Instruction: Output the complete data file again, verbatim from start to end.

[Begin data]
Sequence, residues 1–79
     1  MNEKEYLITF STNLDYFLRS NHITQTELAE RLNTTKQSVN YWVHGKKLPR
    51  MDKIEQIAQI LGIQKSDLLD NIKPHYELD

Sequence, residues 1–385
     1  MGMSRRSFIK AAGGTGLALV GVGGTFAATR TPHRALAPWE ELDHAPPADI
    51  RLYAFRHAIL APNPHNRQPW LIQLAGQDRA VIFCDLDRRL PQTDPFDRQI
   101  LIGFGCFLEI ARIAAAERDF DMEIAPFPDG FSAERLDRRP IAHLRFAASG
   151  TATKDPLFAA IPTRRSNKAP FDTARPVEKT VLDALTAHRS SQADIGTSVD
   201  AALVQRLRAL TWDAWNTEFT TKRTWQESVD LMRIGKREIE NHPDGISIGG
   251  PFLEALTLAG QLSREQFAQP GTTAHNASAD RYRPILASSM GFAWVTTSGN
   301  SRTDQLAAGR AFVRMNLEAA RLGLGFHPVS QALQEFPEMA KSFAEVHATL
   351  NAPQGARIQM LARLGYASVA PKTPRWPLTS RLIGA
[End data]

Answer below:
Sequence, residues 1–79
     1  MNEKEYLITF STNLDYFLRS NHITQTELAE RLNTTKQSVN YWVHGKKLPR
    51  MDKIEQIAQI LGIQKSDLLD NIKPHYELD

Sequence, residues 1–385
     1  MGMSRRSFIK AAGGTGLALV GVGGTFAATR TPHRALAPWE ELDHAPPADI
    51  RLYAFRHAIL APNPHNRQPW LIQLAGQDRA VIFCDLDRRL PQTDPFDRQI
   101  LIGFGCFLEI ARIAAAERDF DMEIAPFPDG FSAERLDRRP IAHLRFAASG
   151  TATKDPLFAA IPTRRSNKAP FDTARPVEKT VLDALTAHRS SQADIGTSVD
   201  AALVQRLRAL TWDAWNTEFT TKRTWQESVD LMRIGKREIE NHPDGISIGG
   251  PFLEALTLAG QLSREQFAQP GTTAHNASAD RYRPILASSM GFAWVTTSGN
   301  SRTDQLAAGR AFVRMNLEAA RLGLGFHPVS QALQEFPEMA KSFAEVHATL
   351  NAPQGARIQM LARLGYASVA PKTPRWPLTS RLIGA